Whichever way you choose to apply, you'll do better than expected, and the watchdog urges consumers to complain quickly.
What is a payment protection insurance?
The PPI was an insurance policy attached to credit agreements such as loans, mortgages or credit cards.
The idea of these policies was to cover payments when an insurance taker got sick, had an accident or lost his job.
Sales of these policies were popular from the 90s and the new millennium.
But then, consumer groups started asking questions and a series of investigations revealed that many people had been sold while they should not have.
One of the problems was that sales staff were encouraged to sell IPP at any price, which meant that many people were poorly sold.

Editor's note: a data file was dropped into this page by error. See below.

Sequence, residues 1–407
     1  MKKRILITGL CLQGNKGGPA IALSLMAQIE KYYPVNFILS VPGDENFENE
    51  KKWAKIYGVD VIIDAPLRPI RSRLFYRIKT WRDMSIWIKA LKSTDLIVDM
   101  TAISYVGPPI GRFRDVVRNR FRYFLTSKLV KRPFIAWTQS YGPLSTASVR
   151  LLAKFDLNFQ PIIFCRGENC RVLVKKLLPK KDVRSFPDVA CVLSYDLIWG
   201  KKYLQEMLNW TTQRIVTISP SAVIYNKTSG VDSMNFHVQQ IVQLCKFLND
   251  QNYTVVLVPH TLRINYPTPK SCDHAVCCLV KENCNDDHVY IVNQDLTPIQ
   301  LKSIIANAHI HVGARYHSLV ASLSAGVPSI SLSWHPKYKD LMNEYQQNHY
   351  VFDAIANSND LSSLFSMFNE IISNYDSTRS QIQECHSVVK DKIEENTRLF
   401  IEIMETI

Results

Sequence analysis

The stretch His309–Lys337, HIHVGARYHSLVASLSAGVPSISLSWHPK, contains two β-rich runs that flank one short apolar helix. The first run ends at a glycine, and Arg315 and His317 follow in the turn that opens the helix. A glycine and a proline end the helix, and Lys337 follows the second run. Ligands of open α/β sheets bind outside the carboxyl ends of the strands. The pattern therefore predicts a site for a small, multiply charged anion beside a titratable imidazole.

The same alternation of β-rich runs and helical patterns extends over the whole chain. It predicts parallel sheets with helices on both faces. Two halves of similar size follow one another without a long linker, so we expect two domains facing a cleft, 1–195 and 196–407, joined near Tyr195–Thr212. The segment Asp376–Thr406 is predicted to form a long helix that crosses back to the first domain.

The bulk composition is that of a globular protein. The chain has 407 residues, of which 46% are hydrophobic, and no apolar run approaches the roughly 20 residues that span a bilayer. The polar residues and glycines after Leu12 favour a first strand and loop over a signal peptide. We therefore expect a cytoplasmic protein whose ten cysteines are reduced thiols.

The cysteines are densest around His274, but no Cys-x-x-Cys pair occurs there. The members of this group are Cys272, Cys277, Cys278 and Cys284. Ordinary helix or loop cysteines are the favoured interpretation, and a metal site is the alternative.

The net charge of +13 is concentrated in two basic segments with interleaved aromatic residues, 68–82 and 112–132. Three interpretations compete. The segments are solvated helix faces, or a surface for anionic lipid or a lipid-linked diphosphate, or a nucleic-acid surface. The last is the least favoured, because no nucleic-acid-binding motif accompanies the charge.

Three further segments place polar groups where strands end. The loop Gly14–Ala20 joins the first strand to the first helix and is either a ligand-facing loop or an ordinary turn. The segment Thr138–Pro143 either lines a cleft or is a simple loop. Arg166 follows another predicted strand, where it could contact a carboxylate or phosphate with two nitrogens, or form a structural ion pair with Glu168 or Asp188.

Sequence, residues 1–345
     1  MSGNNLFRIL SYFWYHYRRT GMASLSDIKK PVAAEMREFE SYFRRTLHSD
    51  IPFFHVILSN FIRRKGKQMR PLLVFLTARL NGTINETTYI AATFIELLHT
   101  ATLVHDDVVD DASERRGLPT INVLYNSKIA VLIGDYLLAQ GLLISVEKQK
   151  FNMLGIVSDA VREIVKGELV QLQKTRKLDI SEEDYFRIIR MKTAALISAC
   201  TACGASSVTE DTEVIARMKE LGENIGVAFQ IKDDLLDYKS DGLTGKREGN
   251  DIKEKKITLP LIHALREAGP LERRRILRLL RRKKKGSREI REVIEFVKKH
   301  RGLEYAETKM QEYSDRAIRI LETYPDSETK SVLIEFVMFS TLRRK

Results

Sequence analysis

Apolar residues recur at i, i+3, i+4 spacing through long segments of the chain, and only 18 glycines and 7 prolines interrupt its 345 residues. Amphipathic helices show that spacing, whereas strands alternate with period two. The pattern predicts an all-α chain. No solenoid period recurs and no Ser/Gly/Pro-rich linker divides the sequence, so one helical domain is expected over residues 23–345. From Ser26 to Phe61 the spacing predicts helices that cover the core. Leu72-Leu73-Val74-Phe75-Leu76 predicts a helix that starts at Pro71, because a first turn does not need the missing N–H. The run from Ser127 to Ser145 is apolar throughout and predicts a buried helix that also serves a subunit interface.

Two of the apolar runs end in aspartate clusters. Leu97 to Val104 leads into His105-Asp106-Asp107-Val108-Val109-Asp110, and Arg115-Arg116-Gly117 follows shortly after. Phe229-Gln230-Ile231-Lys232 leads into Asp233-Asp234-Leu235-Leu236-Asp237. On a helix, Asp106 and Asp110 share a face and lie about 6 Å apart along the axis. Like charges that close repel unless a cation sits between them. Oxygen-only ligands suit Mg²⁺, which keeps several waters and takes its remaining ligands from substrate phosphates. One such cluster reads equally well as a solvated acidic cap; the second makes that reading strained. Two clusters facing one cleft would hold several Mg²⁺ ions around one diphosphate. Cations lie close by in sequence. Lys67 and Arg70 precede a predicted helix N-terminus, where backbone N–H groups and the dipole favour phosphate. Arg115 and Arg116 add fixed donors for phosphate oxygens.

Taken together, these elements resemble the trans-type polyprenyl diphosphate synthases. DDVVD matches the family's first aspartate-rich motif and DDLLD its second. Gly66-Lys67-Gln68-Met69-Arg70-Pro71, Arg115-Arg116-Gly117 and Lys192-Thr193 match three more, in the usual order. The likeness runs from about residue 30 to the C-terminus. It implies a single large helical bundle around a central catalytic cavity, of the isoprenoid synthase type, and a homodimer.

Some consumers had fonts sold in small print that they were not aware of, others, an assurance that they could never claim (for example because they were self-employed or retired ).
One-time PPI policy sales were banned in 2009 and, despite the initial opposition, lenders were forced to review all IPP complaints in 2011.
How do you check if you have PPI?
You will need to verify the documents you signed when you purchased a financial product such as a mortgage, loan, or credit card.
It is also helpful to review any statements you have received, especially if you have lost the original documents.
Make sure to check the terms and conditions carefully to find out if you have been sold PPI.
Frankly, PPI has many different names, but the FCA has a list of useful terms to look for:
- Accident, sickness and unemployment insurance (ASU)
- account cover
- credit insurance